The International Legal Technology Association (ILTA) and InsideLegal recently released the findings of the 2011 ILTA/InsideLegal Technology Purchasing Survey focused on feedback from ILTA member law firms with 50 or more attorneys. The 33 question web-based survey was distributed to approximately 684 law firms, ranging from 50 to 3,000 attorneys, and yielded 118 unique firm responses. The survey, in its eighth year, provides detailed legal technology budget questions; updated information on firms’ social media preferences; an in-depth analysis of cloud computing; and sections on technology outsourcing and favorite legal applications.
Although the survey is frequently referenced by legal technologists and IT, it is increasingly of interest to law firm administrators and attorneys with firms of all sizes. Technology budgeting and procurement are vital administrative and increasingly strategic tasks. In fact, according to 2011 survey findings, 82 percent of technology purchase requests come directly from firm attorneys, an impressive percentage undoubtedly accelerated by the popularity of iPads and other general consumer tech devices and gadgets. Of course, in a small firm and solo environment, this number is most likely even higher.
As with any piece of market research or survey, results need to be taken in context. Although findings might be used to aid in setting strategy and new directions, they should not serve as the be all and end all. With that said, though the results of the 2011 ILTA/InsideLegal Technology Purchasing Survey are admittedly medium to large firm-biased, there are several findings and observations that should equally enlighten solos and small firm practitioners.
Fifty-seven percent of surveyed firms spend between two and four percent of total firm revenue on technology. Forty-six percent spend $8K–$17K per attorney on technology purchases. How do you measure up in terms of percentages and allocations? Do you have a separate technology budget or tech line items earmarked in your budget?
Purchasing and Tech Trends
The top five technology implementations within the last 12 months included desktop hardware, laptops/notebooks, network/server upgrades, storage area networks, and virtualization. When is the last time you upgraded your hardware and office equipment? Beyond meat and potatoes tech buys, 34 percent of survey respondents are planning to upgrade Microsoft Office within the next 12 months while 26 percent indicated planning disaster recovery-related systems. What version of Office are you running, and, speaking of disaster recovery, do you have an actionable plan (and the technology to support it) in place?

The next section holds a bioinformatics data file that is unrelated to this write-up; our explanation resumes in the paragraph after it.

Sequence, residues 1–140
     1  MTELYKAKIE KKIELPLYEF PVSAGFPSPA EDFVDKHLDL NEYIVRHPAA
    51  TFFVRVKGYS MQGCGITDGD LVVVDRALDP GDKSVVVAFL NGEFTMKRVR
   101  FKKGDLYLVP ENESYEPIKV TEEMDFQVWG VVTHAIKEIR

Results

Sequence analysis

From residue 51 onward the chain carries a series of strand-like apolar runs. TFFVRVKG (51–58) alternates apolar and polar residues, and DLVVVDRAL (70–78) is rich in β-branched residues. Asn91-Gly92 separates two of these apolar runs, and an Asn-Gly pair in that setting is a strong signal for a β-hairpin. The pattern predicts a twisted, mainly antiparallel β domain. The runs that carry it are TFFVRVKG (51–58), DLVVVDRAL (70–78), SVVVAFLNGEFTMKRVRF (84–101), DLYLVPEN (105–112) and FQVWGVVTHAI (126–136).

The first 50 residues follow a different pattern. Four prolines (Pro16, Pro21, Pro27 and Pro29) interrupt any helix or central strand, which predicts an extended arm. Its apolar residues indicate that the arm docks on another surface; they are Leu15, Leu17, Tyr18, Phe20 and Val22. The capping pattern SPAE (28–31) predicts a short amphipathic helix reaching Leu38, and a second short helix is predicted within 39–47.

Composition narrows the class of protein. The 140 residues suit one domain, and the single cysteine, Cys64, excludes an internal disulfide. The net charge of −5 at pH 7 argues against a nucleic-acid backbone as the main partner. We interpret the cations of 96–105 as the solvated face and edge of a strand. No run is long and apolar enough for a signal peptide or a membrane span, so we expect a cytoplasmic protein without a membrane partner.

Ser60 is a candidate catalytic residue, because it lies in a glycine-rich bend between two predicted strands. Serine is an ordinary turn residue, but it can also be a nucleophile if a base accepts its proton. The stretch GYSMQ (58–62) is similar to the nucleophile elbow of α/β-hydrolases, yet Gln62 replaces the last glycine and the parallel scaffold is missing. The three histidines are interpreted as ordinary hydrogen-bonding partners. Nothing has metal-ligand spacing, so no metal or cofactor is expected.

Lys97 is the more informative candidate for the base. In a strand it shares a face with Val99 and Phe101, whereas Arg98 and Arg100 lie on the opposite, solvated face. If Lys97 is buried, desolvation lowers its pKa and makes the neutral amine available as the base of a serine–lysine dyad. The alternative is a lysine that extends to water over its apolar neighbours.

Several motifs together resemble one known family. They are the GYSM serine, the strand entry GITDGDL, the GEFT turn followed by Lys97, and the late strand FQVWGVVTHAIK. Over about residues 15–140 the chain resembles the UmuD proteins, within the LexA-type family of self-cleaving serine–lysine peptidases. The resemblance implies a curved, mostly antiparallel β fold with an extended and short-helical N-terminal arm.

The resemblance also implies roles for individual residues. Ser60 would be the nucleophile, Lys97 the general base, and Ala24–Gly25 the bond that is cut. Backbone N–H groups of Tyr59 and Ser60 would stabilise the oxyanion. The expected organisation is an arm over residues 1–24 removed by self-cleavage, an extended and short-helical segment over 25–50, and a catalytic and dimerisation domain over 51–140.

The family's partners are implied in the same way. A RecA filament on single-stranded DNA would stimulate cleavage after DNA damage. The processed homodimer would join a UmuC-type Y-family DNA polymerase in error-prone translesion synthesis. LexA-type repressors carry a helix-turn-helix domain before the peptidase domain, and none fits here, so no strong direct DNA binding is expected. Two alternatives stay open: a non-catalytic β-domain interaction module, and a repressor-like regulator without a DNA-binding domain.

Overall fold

- Tablet mania: 25 percent of surveyed firms are planning to purchase tablets (i.e., iPads) within the next 12 months. Fifty-five percent provide IT support for employees that purchase and use their personal tablet devices. Would you do the same in your firm?
- The Internet is alive and well. It may come as a surprise that internet research was cited as the second most popular influence in terms of helping legal IT make purchasing decisions. This is also true of potential law firm clients so take time sooner than later to update your website and its content.
Thirty-three percent of survey respondents are implementing a cloud strategy, a 24 percent increase from when the question was first added in 2009. If large firms are making strong moves toward the cloud, what is holding back solos? Take a look at Google Apps, Dropbox, or even Salesforce.com for popular cloud apps. The top three cloud applications/services firms are looking to utilize are disaster recovery/business continuity, storage/backup and email while respondents look to benefit from cloud-specific scalability, reduced hardware costs, and more storage capacity. Security is by far the biggest concern regarding cloud computing, followed by data confidentiality and accessibility.
Third-Party Consultants and Subject-Matter Experts
Fourty-four percent of survey respondents use outside technology consultants, primarily to assist with implementations, making hardware/software selections, strategic planning and internal process review. The bottom-line decision you need to make when deciding to outsource anything should be based on core competence. Is there anyone out there who can do what you need to have done better than you? Attorneys should be lawyering, not setting up the firm network. Of course, there are exceptions, but you get the idea.
Ninety percent indicated using LinkedIn for professional purposes followed by Twitter (19%) and Facebook (17%). Of the 52 pecent who indicated using Twitter (actively or passively, privately or professionally), 27 percent have an account but don’t actively use it. Only four percent mentioned tweeting frequently. We know for a fact that on the social media front, smaller firms and solos have the leg up on the big boys, proving that bigger is not always better. Social media lawyers are turning to the likes of twitter to not only share their domain expertise but also connect with potential clients and partners virtually with the intention of then converting online relationships into ‘real’ face-to-face encounters.